Work Programme fails to deliver

Out of 878,000 unemployed people referred to the Work Programme in its first year, only 20,000 (around 2.3 per cent) stayed in their jobs for longer than the target of three or six months (depending on payment group), according to the first official statistics on the scheme. That was lower than the government’s 5.5 per cent target – and lower than the number of people who would probably have found jobs without any help.

The Work Programme was launched in Great Britain in June 2011. Outside contractors are expected to provide personalised work-focused support for people who are long-term unemployed or at risk of becoming so, and receive performance-related payments in return.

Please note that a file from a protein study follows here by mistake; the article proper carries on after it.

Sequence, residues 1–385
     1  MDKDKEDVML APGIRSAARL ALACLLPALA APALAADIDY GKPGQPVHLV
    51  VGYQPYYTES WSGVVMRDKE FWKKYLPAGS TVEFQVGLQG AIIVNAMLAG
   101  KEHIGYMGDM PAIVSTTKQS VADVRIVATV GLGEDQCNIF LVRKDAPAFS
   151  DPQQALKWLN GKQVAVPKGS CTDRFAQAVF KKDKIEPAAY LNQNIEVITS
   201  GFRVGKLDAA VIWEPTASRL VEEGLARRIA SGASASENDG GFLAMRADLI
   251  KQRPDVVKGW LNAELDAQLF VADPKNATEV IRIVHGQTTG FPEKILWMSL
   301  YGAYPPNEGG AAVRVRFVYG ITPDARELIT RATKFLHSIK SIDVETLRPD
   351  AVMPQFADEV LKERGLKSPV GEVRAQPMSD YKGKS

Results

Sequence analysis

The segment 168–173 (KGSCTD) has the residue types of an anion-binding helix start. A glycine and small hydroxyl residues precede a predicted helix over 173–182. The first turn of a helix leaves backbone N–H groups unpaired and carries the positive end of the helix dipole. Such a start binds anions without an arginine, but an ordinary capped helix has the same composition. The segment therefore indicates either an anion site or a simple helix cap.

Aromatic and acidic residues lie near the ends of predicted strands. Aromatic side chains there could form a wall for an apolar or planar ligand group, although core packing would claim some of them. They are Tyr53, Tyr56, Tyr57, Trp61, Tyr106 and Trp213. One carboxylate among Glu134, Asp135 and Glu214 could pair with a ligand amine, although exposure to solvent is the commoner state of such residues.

The government sought to defend the success of the scheme, arguing that 'tens of thousands' of long-term unemployed people are getting off benefits and into jobs as a result of it. But the TUC said it 'beggars belief' for the government to try and hail the Work Programme as a success. Even the normally sympathetic Social Market Foundation said the figures raise 'serious questions' about expectations for the scheme.

SourceDWP Work Programme Statistical Release, Department for Work and Pensions
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